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Mindful lawyering: Making generous assumptions

Maureen Edobor

Maureen Edobor

This blog post was written after I listened to a podcast in which Brene Brown – the author of five No. 1 New York Times bestsellers, including “The Gifts of Imperfection,” “Daring Greatly” and “Dare to Lead” – defined generosity as “extend(ing) the most generous interpretation possible to the intentions, words and actions of others.”

This might strike many people as a little New Age-y – a criticism I have held myself and understand well. However, generosity – specifically generous assumptions – has led me to a state of equanimity when confronting unpleasant, aggressive and unexpected happenings in my professional life.

These observations don’t apply to all lawyers, but I have encountered attorneys who are defensive, passive aggressive and, sometimes, flat-out belligerent. It can be difficult to maintain a mindful approach and to make generous assumptions in such situations, but it’s worth trying to make the kindest assumption about a person’s intentions or behaviors.

For example, say you send opposing counsel an email that you consider important, even urgent, and it goes unanswered. You follow up the next day with another email, with the subject line in all caps and a sanctimonious diatribe about the importance of your email – which continues to be unanswered. At this point, you are thinking of the email recipient as lazy, uncaring or even disrespectful.

This is where generous assumptions come into play. Generous assumptions force us to recognize and make allowances for the unknown circumstances of others. Perhaps the email recipient is on vacation and failed to turn on his out-of-office reply. Perhaps he has competing priorities that day. Perhaps he had an emergency.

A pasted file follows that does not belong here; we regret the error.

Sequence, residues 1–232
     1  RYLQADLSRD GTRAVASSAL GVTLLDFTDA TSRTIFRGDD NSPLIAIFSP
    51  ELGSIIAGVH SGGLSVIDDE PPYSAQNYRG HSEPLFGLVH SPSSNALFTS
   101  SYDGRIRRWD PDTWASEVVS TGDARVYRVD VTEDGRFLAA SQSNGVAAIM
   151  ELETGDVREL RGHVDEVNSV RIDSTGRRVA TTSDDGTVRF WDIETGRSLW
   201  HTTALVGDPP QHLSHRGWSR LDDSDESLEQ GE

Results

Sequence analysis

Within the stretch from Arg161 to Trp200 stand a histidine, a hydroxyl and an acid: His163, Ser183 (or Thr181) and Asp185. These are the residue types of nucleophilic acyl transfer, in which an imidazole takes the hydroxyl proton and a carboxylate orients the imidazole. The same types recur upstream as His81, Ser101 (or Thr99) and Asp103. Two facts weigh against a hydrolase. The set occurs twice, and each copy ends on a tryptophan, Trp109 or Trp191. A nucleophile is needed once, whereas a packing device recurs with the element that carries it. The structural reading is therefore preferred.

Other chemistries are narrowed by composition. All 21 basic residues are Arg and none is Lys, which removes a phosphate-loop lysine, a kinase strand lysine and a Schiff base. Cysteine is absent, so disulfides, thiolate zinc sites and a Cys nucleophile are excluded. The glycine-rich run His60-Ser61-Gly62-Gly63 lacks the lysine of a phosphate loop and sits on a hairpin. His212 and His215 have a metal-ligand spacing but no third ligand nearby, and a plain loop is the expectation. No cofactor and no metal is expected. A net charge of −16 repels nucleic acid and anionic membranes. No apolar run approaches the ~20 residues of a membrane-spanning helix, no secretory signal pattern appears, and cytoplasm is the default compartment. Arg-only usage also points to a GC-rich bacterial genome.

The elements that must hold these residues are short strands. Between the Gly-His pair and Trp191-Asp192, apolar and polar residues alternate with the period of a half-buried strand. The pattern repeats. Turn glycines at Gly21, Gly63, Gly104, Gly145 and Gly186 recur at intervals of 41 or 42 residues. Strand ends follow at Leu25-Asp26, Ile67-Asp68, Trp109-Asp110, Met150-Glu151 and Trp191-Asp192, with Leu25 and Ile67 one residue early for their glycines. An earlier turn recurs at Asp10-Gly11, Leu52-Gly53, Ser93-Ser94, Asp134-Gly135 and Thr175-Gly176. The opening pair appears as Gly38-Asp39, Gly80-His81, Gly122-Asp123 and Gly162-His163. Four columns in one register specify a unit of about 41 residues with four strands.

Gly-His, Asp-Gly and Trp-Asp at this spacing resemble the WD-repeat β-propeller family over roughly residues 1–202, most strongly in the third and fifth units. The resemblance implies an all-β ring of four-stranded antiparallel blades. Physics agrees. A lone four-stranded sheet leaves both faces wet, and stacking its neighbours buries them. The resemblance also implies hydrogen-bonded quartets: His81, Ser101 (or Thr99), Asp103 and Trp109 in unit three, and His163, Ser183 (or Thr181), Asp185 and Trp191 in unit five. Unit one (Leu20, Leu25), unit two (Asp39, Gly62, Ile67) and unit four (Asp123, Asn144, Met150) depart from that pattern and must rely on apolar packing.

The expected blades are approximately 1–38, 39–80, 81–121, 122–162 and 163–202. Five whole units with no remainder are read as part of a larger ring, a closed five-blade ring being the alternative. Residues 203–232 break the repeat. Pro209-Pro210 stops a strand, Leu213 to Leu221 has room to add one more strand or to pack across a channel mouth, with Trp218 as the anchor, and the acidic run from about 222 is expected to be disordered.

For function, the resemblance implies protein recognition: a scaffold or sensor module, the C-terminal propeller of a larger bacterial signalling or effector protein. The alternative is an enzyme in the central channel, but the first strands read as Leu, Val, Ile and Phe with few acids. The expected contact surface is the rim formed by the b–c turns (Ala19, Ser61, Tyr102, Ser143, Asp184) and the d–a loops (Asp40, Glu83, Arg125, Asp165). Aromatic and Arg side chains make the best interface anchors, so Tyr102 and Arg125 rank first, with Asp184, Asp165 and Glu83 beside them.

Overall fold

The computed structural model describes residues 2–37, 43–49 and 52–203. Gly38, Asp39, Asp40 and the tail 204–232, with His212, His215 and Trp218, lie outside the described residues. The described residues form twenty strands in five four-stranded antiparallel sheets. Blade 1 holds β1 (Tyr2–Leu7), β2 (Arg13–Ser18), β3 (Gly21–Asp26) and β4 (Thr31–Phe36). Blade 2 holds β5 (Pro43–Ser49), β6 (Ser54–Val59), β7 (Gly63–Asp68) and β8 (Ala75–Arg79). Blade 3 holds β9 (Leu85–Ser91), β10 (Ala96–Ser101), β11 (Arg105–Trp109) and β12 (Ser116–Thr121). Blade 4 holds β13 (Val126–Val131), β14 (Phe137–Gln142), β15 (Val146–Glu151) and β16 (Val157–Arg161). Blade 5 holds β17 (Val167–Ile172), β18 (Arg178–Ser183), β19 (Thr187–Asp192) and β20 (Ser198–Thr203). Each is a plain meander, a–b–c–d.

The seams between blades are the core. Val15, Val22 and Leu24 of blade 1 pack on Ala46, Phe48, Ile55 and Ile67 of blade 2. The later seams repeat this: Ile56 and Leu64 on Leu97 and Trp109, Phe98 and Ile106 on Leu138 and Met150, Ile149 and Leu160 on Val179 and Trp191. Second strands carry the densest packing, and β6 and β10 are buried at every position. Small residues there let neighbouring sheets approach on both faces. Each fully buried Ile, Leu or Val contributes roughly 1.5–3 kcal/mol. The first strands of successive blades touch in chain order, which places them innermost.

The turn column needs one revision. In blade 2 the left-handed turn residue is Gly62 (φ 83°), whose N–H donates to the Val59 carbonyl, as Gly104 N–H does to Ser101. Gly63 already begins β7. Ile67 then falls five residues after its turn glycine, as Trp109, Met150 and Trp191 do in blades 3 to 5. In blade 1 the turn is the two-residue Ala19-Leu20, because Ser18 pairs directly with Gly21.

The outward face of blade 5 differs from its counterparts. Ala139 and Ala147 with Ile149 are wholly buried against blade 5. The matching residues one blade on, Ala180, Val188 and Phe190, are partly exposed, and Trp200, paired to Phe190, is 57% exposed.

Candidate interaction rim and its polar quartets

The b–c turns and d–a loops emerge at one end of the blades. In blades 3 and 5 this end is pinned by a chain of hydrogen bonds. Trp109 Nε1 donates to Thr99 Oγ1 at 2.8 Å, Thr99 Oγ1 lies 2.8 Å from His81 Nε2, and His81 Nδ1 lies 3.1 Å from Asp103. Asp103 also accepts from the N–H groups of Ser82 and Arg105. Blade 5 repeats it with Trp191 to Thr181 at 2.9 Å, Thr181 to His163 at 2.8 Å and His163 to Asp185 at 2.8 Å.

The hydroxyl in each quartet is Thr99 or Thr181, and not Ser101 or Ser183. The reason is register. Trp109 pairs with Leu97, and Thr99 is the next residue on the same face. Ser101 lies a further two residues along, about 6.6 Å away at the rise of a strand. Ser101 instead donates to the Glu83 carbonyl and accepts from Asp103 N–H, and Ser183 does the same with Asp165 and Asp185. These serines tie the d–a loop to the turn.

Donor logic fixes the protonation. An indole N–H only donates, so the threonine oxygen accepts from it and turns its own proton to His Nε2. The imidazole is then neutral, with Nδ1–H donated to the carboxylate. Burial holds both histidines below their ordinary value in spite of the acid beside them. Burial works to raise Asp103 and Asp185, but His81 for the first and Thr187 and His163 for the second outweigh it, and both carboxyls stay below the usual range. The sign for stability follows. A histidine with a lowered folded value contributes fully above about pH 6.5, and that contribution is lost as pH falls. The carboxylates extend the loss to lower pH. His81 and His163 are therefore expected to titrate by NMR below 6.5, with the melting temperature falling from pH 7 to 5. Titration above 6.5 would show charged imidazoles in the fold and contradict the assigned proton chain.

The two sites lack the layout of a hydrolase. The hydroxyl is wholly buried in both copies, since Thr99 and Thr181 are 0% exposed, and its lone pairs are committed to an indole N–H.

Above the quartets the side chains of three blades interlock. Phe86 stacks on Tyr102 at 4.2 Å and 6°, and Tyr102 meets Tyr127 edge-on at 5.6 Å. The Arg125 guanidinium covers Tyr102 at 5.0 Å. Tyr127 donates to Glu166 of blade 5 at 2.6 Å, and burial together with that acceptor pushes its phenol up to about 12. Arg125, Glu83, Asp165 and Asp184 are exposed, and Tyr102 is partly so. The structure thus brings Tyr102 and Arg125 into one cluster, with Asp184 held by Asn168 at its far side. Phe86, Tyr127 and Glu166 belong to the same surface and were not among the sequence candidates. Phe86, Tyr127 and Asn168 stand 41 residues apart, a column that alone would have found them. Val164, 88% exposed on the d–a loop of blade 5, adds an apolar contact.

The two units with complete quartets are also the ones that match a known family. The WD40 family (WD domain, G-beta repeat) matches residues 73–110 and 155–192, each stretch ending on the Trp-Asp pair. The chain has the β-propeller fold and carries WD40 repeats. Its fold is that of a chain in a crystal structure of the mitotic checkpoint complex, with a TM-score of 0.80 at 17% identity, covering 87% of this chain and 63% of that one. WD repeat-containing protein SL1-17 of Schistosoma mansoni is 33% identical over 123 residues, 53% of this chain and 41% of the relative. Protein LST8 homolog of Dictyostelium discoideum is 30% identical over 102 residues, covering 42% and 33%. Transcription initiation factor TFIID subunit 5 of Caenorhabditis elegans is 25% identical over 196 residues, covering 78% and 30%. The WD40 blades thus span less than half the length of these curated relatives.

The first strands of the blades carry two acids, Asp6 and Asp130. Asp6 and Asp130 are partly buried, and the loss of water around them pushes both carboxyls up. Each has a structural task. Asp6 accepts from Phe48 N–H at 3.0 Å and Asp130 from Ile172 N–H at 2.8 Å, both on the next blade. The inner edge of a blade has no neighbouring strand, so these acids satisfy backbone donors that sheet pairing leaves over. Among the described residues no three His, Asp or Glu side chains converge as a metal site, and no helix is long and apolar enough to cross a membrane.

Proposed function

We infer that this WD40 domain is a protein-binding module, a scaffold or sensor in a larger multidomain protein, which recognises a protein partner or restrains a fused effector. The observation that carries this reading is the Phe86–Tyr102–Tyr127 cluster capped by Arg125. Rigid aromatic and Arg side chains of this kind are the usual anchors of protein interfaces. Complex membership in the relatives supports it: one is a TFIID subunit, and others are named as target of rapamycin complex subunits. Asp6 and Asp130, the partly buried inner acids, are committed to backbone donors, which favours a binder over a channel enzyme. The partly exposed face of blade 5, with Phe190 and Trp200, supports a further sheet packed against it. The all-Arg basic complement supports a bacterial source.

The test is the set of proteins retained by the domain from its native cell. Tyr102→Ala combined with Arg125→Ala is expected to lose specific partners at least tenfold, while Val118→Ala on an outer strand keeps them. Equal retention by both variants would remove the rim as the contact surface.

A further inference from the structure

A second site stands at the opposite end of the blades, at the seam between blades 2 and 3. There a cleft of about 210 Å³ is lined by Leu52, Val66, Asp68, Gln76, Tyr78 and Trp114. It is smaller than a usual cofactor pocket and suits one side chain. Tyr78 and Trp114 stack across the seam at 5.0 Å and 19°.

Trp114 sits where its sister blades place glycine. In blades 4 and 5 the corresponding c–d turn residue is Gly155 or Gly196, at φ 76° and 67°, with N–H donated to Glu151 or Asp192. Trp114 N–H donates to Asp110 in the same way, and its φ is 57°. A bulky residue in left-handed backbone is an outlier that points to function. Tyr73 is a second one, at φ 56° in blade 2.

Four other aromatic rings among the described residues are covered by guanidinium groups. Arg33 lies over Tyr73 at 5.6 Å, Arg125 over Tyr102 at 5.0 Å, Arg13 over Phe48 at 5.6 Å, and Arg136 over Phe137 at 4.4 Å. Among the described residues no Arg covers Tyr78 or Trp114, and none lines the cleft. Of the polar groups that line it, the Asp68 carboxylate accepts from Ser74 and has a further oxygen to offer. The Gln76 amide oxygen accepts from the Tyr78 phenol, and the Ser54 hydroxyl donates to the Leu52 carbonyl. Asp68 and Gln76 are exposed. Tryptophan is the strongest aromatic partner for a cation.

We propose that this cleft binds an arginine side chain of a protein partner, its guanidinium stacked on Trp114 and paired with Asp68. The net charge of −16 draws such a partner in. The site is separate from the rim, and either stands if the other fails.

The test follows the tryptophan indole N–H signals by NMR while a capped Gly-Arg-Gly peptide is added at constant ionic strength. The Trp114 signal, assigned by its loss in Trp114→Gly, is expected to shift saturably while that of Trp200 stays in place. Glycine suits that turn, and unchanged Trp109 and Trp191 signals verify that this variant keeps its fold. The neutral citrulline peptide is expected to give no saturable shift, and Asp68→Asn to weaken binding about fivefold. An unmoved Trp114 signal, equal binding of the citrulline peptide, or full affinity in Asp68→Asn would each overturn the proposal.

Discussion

Practicing generous assumptions is not an exercise in making excuses for others. It is an exercise in empathy, in expressing our emotions judiciously and in exerting self-control. For the most part, I believe people, especially lawyers, put their best foot forward because their livelihoods depend on it.

I challenge everyone to extend the most generous interpretation possible to the words and actions of others.

Maureen Edobor is an associate with Goldberg Segalla, LLP in Baltimore.

2 comments

  1. irk@kramerslaw.com

    An extremely important point. We are often to quick to judge harshly in this profession. If we make more generous assumptions, we create a more congenial profession and more pleasant lives for those within it.

  2. irk@kramerslaw.com

    For example, you may generously assume that I know the difference between “to” and “too” in the comment above. 😉

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